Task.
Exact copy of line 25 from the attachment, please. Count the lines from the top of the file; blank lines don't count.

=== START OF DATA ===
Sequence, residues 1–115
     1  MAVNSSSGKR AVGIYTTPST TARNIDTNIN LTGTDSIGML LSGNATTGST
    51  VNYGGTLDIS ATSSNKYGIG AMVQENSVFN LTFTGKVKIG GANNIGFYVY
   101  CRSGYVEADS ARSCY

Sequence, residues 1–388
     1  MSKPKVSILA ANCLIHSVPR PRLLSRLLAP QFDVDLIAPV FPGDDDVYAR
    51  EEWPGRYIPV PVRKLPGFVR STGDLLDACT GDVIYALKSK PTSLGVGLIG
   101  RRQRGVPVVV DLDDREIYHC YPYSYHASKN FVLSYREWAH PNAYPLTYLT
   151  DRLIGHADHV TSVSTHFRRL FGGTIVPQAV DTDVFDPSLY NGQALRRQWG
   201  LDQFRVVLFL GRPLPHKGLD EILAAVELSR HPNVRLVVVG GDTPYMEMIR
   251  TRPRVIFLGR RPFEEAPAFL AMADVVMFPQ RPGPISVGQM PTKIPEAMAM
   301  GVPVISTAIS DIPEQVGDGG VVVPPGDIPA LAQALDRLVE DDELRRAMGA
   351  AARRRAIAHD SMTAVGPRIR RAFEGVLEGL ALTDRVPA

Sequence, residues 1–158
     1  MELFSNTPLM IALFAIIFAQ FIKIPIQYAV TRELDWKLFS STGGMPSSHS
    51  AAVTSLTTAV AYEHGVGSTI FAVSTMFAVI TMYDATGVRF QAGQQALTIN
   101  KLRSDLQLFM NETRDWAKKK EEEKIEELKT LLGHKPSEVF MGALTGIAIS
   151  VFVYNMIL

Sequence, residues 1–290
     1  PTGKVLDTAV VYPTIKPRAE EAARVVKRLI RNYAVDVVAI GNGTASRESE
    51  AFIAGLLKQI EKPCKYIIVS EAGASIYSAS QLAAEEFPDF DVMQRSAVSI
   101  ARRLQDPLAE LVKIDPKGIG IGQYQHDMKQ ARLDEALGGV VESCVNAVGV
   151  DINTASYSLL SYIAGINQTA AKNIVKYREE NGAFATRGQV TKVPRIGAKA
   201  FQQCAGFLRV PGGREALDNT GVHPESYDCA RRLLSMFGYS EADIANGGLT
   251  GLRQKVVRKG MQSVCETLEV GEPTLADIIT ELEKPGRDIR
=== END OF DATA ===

   251  GLRQKVVRKG MQSVCETLEV GEPTLADIIT ELEKPGRDIR